• Constant: flip the switch, and the impeller spins forever, or as batter power allows (or until you turn it off). Only used in the cheapest of agitating loaders, and really aren't worth owning. Being constantly spinning, there's a lot of noise, and it drains the battery(ies) fairly quickly. Sometimes the force at which they spin can crush paintballs, if they catch a crappy ball at the wrong angle.
  • Bend sensor: a plastic or metal tab sits near the top of the feedneck. The tab has a sensor connected to the board. When the tab is bent, it means there's a ball there, and the loader is at rest; when the tab is no longer bent, it means a ball has moved, so the loader knows to spin to get another ball in place. Pretty reliable & no-nonsense, but the tab can get worn out over time.
  • Vision: a pair (or 2 pairs) of light-emitting diodes (LEDs) are connected to the board, commonly called "eyes." When the eyes "see" a ball, the loader is at rest; when they don't, the loader knows to spin. This is the first sensor system to be used in force-fed loaders.
  • Sound: a sort of microphone picks up certain sounds, like the ones most associated with the marker firing. But to more understand how that works, you should understand how sound works - a series of vibrations that our brains translate. So really these loaders sense the vibrations of the marker firing, so not just any sound activates it.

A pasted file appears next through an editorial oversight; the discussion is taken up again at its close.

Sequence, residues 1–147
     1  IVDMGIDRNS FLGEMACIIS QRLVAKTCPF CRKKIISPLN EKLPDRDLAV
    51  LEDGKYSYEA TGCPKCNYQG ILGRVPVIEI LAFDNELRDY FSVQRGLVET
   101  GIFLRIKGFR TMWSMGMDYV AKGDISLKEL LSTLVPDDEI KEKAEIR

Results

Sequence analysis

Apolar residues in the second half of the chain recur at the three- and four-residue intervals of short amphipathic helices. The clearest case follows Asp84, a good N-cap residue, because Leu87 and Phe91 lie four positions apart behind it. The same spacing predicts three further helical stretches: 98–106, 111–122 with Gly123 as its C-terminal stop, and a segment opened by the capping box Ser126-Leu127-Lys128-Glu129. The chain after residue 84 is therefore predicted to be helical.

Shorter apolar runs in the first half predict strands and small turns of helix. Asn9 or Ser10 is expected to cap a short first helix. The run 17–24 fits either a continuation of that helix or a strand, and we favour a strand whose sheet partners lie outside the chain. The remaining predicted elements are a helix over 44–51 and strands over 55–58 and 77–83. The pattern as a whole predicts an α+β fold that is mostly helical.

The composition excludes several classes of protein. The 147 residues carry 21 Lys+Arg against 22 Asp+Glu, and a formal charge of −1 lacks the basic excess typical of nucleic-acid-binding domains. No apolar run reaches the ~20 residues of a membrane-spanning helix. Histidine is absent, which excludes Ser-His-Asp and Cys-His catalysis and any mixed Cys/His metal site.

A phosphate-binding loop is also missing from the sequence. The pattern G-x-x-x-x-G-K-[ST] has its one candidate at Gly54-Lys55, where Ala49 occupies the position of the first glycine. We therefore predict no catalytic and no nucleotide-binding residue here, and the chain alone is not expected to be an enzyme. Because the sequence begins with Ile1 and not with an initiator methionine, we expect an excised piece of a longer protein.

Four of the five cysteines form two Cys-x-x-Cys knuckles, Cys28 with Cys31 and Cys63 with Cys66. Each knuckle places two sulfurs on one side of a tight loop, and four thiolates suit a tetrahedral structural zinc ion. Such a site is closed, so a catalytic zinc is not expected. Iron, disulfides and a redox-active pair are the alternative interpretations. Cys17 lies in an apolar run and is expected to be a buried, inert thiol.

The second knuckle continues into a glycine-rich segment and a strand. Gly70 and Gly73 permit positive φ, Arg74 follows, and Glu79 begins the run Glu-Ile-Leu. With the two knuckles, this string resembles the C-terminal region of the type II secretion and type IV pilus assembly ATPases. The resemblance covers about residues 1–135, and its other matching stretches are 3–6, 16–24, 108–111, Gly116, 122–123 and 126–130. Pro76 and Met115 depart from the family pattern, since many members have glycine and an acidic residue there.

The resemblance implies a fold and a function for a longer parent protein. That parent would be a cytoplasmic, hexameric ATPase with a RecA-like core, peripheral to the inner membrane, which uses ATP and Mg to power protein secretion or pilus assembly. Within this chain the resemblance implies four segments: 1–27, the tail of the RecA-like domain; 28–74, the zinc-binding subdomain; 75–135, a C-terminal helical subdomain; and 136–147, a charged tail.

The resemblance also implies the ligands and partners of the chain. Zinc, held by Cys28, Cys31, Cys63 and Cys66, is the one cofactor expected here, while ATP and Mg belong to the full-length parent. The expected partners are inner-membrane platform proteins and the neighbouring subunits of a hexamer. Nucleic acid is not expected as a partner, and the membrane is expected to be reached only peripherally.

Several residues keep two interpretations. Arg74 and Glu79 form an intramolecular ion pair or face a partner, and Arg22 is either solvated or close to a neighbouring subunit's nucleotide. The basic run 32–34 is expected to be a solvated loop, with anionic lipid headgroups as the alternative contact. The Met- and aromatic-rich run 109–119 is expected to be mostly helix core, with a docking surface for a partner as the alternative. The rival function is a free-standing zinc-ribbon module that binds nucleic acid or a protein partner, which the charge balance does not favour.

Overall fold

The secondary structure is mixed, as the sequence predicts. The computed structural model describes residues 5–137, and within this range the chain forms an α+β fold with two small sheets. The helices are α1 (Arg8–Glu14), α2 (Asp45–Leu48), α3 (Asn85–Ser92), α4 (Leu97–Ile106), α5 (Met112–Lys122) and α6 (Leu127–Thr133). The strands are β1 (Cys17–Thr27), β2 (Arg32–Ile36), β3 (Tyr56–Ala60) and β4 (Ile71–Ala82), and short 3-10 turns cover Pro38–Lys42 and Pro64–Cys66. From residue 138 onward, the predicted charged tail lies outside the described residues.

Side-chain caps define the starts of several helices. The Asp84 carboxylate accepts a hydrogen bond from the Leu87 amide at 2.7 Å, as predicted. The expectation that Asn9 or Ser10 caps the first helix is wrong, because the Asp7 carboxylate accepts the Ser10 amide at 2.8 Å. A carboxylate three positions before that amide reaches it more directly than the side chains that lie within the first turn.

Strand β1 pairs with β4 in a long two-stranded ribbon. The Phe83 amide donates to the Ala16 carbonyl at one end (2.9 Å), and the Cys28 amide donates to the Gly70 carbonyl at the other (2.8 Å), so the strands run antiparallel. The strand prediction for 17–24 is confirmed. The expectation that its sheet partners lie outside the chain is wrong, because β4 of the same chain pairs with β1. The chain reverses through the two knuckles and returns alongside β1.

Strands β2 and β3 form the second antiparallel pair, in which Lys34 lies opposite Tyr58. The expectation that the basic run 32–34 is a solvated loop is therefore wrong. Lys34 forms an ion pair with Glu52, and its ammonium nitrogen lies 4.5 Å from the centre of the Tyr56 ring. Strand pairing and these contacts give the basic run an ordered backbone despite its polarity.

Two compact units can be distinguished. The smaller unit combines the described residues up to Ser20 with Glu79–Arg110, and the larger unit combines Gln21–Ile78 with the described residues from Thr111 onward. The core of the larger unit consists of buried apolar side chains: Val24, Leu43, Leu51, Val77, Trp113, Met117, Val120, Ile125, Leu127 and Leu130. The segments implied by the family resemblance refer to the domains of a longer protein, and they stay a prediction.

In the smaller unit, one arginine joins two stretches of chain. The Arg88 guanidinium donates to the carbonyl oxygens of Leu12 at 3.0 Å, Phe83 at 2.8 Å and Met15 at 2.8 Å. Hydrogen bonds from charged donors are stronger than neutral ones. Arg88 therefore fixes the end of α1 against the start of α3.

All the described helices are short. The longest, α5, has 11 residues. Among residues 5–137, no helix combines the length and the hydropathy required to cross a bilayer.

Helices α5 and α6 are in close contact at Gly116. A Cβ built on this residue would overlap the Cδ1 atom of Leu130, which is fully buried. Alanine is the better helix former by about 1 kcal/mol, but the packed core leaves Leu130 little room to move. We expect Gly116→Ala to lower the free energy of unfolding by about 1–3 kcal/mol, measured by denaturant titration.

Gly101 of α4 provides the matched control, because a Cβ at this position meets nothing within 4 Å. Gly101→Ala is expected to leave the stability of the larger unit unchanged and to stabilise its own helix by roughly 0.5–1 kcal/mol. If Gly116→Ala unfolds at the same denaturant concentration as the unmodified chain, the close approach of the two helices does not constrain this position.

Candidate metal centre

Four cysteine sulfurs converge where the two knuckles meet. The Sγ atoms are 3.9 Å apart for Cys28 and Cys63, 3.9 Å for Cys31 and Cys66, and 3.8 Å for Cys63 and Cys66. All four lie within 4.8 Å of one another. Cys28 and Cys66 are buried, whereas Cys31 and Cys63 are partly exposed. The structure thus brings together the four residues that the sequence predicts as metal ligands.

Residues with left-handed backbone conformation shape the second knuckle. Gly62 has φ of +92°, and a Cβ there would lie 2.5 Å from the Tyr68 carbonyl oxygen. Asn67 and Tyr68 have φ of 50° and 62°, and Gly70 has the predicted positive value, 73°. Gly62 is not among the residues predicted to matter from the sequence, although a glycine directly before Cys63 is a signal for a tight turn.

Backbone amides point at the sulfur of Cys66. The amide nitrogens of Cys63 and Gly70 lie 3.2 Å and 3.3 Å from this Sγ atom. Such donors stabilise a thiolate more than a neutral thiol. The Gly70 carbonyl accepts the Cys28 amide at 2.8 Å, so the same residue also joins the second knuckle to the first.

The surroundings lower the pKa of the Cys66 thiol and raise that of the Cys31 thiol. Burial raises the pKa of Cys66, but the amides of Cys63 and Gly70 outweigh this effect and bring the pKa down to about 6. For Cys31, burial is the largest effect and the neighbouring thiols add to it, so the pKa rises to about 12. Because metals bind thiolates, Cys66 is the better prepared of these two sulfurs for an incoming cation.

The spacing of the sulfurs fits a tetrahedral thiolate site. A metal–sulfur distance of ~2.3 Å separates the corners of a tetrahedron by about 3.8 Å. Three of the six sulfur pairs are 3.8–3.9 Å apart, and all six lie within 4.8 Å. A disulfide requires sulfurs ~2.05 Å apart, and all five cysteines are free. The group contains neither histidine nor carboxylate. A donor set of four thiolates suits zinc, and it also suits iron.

Spring-loaded stick feed mounted on an Empire Trracer.
Spring-loaded stick feed mounted on an Empire Trracer.
Pod from the QLoader system.  I've never owned a warp feed, so got no pic of one.
Pod from the QLoader system. I've never owned a warp feed, so got no pic of one.

The Oddballs

There are some oddball loaders that don't use electronics, but they aren't gravity-fed. And here they are:

  • Spring-loaded feed tubes: most common example right now is the stick loader made by Empire/BT, usually used on either the Empire Trracer pump or BT SA-17 pistol. There's a small plate with a spring behind it; when loaded, the spring-backed plate moves paintballs towards the feedneck as you shoot. Found in other feed tubes as well, usually paintball pistols. Some people even make their own.
  • Warp Feed: old school, made by AirGun Designs (AGD). It's a small plastic box w/ a motor & force-fed impeller inside, essentially, with a flexible hose that leads to a marker's feedneck. It requires the use of an electronic loader to load the box with paintballs while the box mechanism boosts the speed and feeds the balls through the hose. It was a bulky assembly, but some people preferred that to having a plastic balloon sitting on top of the marker. Not seen or used much anymore, but some old school ballers love to sport the classics, occasionally.
  • Q-Loader: like the Warp Feed, it's a system that replaces traditional hoppers or loaders by mounting elsewhere on the marker and feeding through a flexible hose. But this system is unique, in the fact that it's not only electronic-free, but also uses proprietary pods. The pods are spring-loaded, similar to spring-loaded stick loaders, but the size of regular pods, and you "plug" them into an attachment mounted underneath the marker's barrel (or wherever you want). Once locked in, the pods release the spring, and the balls zoom up the hose.


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      6 years ago

      Interesting. I've been playing paintball for years and I've never heard of/seen some of these.